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"What It Might Look Like to Manipulate Time": An Interview with Chris Daley

Chris Daley teaches creative nonfiction for Writing Workshops Los Angeles and academic writing at Caltech. She has reviewed fiction and nonfiction, primarily on music and L.A. history, for the Los Angeles Times and Los Angeles Review of Books. She earned a Ph.D. in English from the City University of New York Graduate Center, and she enjoys wasting time.

Her essay, "Thoughts on Time After Viewing Christian Marclay's "The Clock"," appeared in Issue Fifty of The Collagist.

Here, Chris Daley talks with interviewer William Hoffacker about time constraints, research hallucinations, and writing based on art.

Tell us about when you first saw Christian Marclay’s "The Clock." When/How did you decide you would write an essay on your reactions to it?

One thing about “The Clock” is that it’s relatively hard to see. While it has the body of a film, it has the soul (and exclusivity) of an installation. There are some clips on YouTube, but otherwise, you have to wait for it to come to a museum near you. Fortunately for me, it has shown at the Los Angeles County Museum of Art twice—once in summer 2011 and once in spring 2012.

I’m sure there are people who have seen more of it than I have, considering I’ve only watched two hours, one at each run. The first time I saw a portion starting at 3:30 PM between tourist stops with a friend from out of town. What most struck me then was how difficult it was to describe in the aftermath and how I couldn’t stop thinking about it. When it came to town the second time, I went for the 10:00 hour on a Sunday morning as if attending church. I was equally compelled. The next time it comes to LA, I’d love to go at 4:00 AM or midnight. Or midnight to 4:00 AM.

I’m sure I thought about writing the essay after that 2012 viewing, but I didn’t attempt it until about six months later. Every September I take myself on a writing retreat to Lake Arrowhead, and one day I was stuck on what I was working on, so I went down to the fireplace in the lobby with the intention to just write for one hour (goddamnit). I remembered my desire to write about “The Clock,” had the idea to time the sections, and got started.

You say you gave yourself an hour to write this piece. How long did you take to revise it? Did you take extra care to keep the text close to how it originally looked?

I almost don’t want to admit this because as a writing teacher, I constantly emphasize the importance of revision, but I didn’t revise it much. Partly I wanted to honor the time constraint and partly I was happy with it. When I decided to start submitting it, I didn’t change or add any content, but I did tweak word choice right up until it was published here. I think I was anxious at the end that there hadn’t been more of a revision process. Matthew Olzmann was extremely understanding.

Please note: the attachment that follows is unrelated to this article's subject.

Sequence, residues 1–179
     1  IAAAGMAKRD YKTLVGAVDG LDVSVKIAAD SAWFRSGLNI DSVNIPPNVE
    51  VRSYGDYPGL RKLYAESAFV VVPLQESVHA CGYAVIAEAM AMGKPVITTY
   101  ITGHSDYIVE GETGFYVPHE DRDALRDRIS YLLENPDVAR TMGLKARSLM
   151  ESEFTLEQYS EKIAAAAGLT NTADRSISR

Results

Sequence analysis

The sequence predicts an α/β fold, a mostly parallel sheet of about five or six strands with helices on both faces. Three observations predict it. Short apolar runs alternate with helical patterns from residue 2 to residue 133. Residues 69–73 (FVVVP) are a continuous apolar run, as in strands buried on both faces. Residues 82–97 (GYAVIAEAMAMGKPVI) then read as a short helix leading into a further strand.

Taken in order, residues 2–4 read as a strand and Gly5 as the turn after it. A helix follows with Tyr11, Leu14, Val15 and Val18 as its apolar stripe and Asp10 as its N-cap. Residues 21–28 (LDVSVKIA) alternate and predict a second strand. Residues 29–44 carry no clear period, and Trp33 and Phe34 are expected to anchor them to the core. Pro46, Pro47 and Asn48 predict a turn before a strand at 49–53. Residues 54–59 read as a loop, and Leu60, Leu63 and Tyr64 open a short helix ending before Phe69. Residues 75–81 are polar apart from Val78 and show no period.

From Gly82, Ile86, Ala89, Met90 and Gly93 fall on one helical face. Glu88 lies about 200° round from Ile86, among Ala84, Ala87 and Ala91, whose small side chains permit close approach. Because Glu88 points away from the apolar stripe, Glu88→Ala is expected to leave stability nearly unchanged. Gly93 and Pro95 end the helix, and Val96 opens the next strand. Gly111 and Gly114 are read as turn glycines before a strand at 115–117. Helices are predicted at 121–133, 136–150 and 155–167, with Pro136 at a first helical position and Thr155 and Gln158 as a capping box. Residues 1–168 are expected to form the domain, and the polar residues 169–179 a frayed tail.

This essay is an example of ekphrasis. How does art beget more art? How do you see this phenomenon taking place in your other work?

I did not sit down and think I was about to compose ekphrasis, but it definitely was a rhetorical exercise in creating expression out of artistic inspiration. I am occasionally an academic, and at other times a book critic, so it’s interesting for me to think about the distinction between reviewing or critiquing art and engaging with it to produce more art.

I don’t know if ekphrasis can be literary commentary on literary objects, but the novel I’m working on now does have another book at its center. When I was completing my dissertation on Los Angeles literature and alternative religion (over the course of three delirious months), I thought I came across a pulp novel called The Power. In this book, as the result of a radiation explosion, a group of San Fernando Valley housewives turn into colossal Amazons and torment the citizens of 1930s Los Angeles. When I finished my defense, I went looking for this book only to discover it didn't exist. A research hallucination. Now I’m trying to bring The Power into existence for real.

What writing projects are you working on now?

I haven’t worked on The Power for awhile, but I’m looking forward to my first residency at Ucross in April. I plan to spend some time tracing the imaginary history of this imaginary novel using its author, printer, readers, collectors, detractors, and the text of the book itself. Right now, I’ve got lottery winners, used bookstore owners, UPS delivery men, homicidal mothers, and Albert Einstein all coming into contact with the book in some way.

What did you read in 2013 that you want to recommend to the people?

I like that—to the people. I’ll stick with nonfiction. After my essay appeared in The Collagist, someone recommended that I read David Antin’s i never knew what time it was, a collection of prose poems that explore the nature of time, and I pass the recommendation on. I also enjoyed Wayne Koestenbaum’s My 1980s and Other Essays, Mary Ruefle’s Madness, Rack, and Honey, Rebecca Solnit’s The Faraway Nearby, Ali Smith’s Artful (although this is many genres at once), and Jesmyn Ward’s Men We Reaped. Thanks for asking.

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